The company must show an evolution. Moving from a garage, or a dormitory campus (such as in the story of Facebook). There must be a coming of age with the company indicating perseverance and growth and now able to deliver and take responsibility independently.
Stage three is about conflict; there has got to be a clash between the hero/company/brand and the antagonist. Like you often see in the Rambo movies, he was often thoroughly whooped. Initially, is there a moment that you failed or faced great adversity? All human beings have one.
Stage four is about conquest; the hero/company/brand must conquer the antagonist and this is where the ultimately, the utility of the company or product is clearly shown and appreciated.
It then follows that the hero goes through the circle again with another antagonist or the same, but improved antagonist until the hero eventually succeeds, again and again and again. Customers love that rollercoaster.
It’s vital that the customers envision victory with the particular hero such that they are willing to go on the journey or put simply, to purchase the product.
People that get married stake their lives on that decision because they believe in the story that the spouse projects. They believe that the spouse is the solution to overcoming poverty, loneliness, and whatever else they view as an antagonist.
The ultimate win is when the customer is able to recite the hero’s story and values to others; this is called “word of mouth.”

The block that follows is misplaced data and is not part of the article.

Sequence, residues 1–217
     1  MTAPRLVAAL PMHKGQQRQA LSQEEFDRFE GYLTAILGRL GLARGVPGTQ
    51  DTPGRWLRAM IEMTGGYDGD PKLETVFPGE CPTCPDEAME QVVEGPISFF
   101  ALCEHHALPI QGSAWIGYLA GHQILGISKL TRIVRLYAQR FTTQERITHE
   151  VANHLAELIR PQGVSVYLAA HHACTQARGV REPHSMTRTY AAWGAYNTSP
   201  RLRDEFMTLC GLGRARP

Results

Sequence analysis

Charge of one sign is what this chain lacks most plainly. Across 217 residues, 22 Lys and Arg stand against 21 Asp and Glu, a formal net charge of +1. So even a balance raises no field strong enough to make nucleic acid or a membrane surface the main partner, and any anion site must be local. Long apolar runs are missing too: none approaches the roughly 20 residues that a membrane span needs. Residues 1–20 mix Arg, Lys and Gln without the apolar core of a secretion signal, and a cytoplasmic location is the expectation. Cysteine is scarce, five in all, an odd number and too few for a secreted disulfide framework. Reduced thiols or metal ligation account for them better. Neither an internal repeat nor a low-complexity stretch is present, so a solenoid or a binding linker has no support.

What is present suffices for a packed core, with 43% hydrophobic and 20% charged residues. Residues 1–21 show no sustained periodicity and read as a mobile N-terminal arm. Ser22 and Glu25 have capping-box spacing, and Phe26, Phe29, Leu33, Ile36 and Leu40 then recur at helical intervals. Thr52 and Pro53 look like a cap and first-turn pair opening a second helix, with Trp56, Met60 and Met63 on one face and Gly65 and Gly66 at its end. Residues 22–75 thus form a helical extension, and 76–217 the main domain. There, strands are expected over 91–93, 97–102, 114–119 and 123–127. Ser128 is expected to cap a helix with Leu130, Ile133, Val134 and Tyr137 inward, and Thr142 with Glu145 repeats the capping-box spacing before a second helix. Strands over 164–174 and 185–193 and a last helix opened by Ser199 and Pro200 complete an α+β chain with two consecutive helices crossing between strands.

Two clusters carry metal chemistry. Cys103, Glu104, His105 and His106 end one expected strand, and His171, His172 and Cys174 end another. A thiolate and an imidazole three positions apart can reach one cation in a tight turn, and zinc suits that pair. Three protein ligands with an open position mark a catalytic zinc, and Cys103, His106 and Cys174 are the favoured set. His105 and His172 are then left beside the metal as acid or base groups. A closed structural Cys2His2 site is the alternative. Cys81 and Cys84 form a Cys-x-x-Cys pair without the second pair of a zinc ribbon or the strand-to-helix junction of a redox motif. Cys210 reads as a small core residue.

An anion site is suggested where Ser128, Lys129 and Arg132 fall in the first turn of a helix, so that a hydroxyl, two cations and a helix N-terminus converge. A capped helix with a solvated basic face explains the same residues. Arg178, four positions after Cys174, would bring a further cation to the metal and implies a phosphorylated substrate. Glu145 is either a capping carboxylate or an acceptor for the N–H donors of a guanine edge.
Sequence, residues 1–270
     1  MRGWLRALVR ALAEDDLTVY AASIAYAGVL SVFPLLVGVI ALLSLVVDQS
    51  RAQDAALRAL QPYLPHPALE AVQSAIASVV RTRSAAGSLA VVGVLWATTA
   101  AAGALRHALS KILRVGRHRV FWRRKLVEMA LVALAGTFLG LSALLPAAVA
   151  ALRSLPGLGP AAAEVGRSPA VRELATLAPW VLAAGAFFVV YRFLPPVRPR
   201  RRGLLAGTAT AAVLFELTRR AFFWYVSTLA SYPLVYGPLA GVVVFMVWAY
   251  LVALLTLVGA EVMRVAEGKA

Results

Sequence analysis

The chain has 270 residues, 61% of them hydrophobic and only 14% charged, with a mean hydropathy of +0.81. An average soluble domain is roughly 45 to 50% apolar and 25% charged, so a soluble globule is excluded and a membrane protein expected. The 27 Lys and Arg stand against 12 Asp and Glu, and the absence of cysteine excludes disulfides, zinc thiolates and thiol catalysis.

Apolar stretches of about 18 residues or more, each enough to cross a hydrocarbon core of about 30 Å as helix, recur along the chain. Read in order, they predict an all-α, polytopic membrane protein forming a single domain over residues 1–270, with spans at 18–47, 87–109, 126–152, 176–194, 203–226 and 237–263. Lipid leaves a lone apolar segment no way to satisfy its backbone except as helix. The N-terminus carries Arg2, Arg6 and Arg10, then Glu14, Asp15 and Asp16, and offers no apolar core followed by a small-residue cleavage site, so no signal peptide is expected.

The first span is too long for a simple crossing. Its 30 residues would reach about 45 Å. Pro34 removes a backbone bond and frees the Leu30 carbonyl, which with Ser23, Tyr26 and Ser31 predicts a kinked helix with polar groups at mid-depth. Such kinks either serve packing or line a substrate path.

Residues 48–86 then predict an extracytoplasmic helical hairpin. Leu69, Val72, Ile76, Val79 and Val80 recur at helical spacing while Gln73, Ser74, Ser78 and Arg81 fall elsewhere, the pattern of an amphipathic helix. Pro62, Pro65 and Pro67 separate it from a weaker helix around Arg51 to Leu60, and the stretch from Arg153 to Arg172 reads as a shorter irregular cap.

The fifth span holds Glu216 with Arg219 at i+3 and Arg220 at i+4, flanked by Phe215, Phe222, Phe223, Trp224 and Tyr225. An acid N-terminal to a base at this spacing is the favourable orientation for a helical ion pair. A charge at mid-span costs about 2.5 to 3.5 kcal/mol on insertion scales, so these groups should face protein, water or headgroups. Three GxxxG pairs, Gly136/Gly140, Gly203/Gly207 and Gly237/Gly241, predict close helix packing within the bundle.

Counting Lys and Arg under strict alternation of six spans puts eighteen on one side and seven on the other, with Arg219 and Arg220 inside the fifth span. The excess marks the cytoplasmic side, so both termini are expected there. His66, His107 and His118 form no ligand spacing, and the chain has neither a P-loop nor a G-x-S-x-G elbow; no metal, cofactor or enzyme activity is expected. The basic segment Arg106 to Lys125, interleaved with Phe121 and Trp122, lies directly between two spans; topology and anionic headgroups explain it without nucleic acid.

All departments of the company, accounts and finance, sales, IT, legal, stores, procurements, marketing, public relations and audit exist to ensure that the company delivers on its story and narrative consistently.
Why storytelling and narratives matter?
Human beings are wired for stories and narratives; why else are musicians, and movie actors some of the best paid and wealthiest in the world? It’s simple, they tell stories. Often, they use their talents to articulate stories that resonate with their audiences – companies are built for the same purpose, using a different skill set.
Decisions, whether small or big are made on the basis of how well a story resonates with those that hear it. It’s for that reason that armies invest in intelligence gathering, basically to gather stories on whatever it is that the army intends to invest its resources in.
In 2020, PepsiCo invested $1.74b (about sh6.2 trillion) in advertising in the United States alone according to information from statista.com. In 2018, the top 200 advertisers in the US collectively spent a record $163b (about shs 582.4 trillion), four times Uganda’s Gross Domestic Product (GDP), on advertising.
This was up 3.6% year on year, according to data from Ad Age’s annual Leading National Advertisers report. This increase was due to higher spending on internet ads, radio, print, and TV.
However, this traditional advertising only makes up about half of advert spending. There are other, more engaging ways in the tool box to engage audiences. The report showed that the largest increases in advertising came from Facebook (236%), Amazon (32%), Netflix (70%), and Alphabet, Google’s parent company (23%).
Stories grow empathy and bypass the inner “critic” within people. Stories offer common ground for the hero and the customer. Stories communicate the common human emotions of loss, love, passion, failure and this resonates with all human beings.
People will always remember the experience they had with your product and how your product made them feel. That’s the summation of all the expertise and skills the company may boast about.
What’s your story?